Gale A. Buchanan and Catherine E. Woteki are former chief scientists of the Agriculture Department, where they served (2006-2009 and 2010-2017, respectively) as undersecretary for research, education and economics.
For the second year in a row, Trump administration leadership at the Agriculture Department proposed budget cuts and took other steps that hamper agencies within the department that supply the data and science needed to inform farm and food policy.
Whether the actions at the USDA reflect malice or ignorance, the results are the same: Policymakers in Congress and America’s farmers will lack the sound science they need to make decisions about how best to feed the nation, improve the rural economy and bolster U.S. agricultural exports.
As the USDA’s chief scientists from the previous two administrations, we are deeply concerned about the harm being done to scientific integrity at the department. We won’t speculate on the motives of the Trump administration’s leaders at the USDA, but we can say that these proposals came only after objective studies and analyses produced by economists and scientists at the USDA’s Economic Research Service, or ERS, conflicted with Trump administration policies.
For example, analysis by ERS economists on the effects of the December 2017 Tax Cuts and Jobs Act stated, “Farm households with income between the 20th to 80th percentile see a modest reduction in their effective income tax rates, while wealthier households, the top 10 percent and top 1 percent, see the biggest decreases in their rates.”
The attempt to defund the ERS also offers some clues about what type of research the Trump administration seems to dislike. The budget suggested cuts to research into food assistance and nutrition, food safety, and analysis of farm, conservation and trade policy.
Numbers don’t lie, but you can attempt to hide them from Congress and the public, undermine them just enough to cast doubt or make them disappear altogether.
Agriculture Secretary Sonny Perdue appears to be taking a multipronged approach toward dismantling the science that for years has undergirded policy decisions.
First, Perdue tried the direct approach: simply cutting the ERS budget. That approach failed last year when Congress restored the funds. The administration is trying again with its 2020 budget, proposing to cut $42 million — about 50 percent — from the ERS programs and reduce the number of full-time employees to 160 from 331.
Next, the Perdue-led USDA pushed a policy that required all published research from the department to be labeled “preliminary.” When scientists and economists publish in scientific journals, it is only after rigorous peer review. The “preliminary” label appears designed to undermine the research and strike a blow against evidence-based policymaking.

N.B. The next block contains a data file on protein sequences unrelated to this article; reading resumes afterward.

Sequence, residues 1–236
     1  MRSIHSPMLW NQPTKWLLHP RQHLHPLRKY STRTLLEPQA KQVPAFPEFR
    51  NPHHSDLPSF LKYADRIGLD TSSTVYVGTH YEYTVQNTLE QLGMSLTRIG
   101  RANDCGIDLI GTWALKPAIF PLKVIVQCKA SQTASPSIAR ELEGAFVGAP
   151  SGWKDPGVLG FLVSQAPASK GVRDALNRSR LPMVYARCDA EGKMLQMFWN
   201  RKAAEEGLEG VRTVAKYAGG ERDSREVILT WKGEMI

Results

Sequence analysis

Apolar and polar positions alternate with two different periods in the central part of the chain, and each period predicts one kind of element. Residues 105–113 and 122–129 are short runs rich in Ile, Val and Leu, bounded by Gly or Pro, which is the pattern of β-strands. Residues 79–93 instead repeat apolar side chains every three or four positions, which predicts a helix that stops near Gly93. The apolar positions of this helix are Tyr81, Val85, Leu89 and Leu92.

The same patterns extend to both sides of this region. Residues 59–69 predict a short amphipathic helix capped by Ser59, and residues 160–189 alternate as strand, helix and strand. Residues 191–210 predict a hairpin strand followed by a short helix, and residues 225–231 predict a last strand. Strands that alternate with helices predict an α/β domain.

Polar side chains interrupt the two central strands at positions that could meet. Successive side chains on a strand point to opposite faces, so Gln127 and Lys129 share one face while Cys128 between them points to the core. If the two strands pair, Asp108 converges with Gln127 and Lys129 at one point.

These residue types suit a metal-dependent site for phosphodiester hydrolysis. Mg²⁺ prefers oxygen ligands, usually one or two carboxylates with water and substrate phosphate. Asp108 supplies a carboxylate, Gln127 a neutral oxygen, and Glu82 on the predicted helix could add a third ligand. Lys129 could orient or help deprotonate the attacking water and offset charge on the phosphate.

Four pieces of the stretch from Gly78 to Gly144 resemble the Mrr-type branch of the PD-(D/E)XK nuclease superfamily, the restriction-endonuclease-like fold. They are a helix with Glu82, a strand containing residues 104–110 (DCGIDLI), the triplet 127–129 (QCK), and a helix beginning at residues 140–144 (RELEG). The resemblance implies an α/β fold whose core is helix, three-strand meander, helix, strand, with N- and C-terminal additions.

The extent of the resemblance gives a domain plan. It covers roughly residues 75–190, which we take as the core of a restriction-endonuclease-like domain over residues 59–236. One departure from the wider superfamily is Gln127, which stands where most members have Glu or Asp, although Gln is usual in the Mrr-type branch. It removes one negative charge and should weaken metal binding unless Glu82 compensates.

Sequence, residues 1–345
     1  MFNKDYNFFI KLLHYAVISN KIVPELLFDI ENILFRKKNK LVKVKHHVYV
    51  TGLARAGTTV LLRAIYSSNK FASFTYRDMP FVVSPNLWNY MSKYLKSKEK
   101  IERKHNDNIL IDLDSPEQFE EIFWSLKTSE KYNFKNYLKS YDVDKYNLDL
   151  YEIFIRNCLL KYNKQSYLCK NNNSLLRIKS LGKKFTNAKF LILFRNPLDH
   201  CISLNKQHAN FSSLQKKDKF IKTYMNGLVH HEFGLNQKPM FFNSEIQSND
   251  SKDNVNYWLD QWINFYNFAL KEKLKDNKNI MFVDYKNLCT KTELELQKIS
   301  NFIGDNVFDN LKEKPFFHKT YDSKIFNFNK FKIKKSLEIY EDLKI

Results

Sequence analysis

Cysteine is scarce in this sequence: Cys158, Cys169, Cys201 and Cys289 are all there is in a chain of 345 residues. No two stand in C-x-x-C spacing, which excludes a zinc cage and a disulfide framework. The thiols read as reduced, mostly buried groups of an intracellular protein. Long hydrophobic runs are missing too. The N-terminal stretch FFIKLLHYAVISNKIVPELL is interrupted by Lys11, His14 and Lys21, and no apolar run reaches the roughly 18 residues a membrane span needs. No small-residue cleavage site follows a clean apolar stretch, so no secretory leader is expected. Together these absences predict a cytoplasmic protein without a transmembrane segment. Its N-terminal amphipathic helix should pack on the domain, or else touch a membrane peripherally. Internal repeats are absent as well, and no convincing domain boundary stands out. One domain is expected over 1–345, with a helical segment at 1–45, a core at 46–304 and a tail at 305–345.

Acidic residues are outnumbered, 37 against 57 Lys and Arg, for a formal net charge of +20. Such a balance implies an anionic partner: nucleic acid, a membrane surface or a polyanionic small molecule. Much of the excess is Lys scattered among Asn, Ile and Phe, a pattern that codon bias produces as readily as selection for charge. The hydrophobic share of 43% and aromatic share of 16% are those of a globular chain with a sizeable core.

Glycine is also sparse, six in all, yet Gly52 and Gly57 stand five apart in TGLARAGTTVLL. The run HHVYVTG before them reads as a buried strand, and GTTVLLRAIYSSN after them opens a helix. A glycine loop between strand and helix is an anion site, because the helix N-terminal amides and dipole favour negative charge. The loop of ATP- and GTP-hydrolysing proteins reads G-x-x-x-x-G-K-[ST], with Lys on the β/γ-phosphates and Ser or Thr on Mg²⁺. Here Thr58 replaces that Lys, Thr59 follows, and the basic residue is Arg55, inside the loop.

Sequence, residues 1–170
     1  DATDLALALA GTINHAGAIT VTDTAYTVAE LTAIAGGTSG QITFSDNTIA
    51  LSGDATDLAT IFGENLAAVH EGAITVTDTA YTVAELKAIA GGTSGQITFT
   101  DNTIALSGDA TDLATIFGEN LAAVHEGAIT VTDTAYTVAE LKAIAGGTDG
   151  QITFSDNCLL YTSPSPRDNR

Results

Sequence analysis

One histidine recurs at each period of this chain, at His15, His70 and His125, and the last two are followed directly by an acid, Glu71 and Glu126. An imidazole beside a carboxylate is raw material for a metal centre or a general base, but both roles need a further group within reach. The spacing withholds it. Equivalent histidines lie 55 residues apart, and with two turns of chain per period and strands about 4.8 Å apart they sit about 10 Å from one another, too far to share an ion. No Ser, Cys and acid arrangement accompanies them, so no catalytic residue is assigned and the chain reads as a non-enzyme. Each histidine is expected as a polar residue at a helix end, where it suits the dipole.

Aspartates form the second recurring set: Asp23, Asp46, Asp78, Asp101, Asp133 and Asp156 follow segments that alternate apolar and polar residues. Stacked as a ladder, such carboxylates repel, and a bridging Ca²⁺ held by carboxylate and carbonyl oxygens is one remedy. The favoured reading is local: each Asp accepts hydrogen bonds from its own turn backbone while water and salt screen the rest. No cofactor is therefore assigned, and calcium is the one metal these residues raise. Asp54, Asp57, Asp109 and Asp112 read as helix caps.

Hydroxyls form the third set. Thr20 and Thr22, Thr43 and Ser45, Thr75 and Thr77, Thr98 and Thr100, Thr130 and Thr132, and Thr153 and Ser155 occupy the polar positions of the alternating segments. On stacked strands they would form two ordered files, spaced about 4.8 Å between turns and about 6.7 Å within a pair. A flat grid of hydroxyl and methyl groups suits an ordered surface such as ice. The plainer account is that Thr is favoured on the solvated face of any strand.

Finally, late last summer, Perdue shocked many researchers in food and agriculture with his decision to move the ERS and the National Institute of Food and Agriculture out of the Washington area. The USDA sidestepped the usual processes for relocation, such as conducting a search through the government’s General Services Administration, and selected potential homes in North Carolina, Indiana and Kansas City, Mo..
Employees learned earlier this year that after the USDA chooses the relocation site, they would have 120 days to move or quit. Many of the economists that would be affected instead found new jobs at other agencies in the District — creating the sort of brain drain that the administration has seemed intent on prompting with its proposed budget cuts.
Perdue also proposed moving oversight of the ERS to the chief economist in his office. We strongly oppose this move because it makes the unit vulnerable to political pressure.
The agency now reports to the chief scientist — a post that remains unfilled after President Trump’s nominee, Sam Clovis, a conservative radio talk show host and former Iowa campaign aide with no background in science, withdrew from consideration in November 2017. Congress should demand that the Trump administration nominate, as soon as possible, a new, independent chief scientist who can obtain swift and broad, bipartisan support.
Food and agriculture in the United States face perennial challenges from a multitude of sources: pests, diseases, droughts, flooding, brutally competitive markets and trade disputes. It is disheartening to think that the science underpinning these vital contributors to the U.S. economy, and to the health and well-being of every American, is under threat from the very government department overseeing them.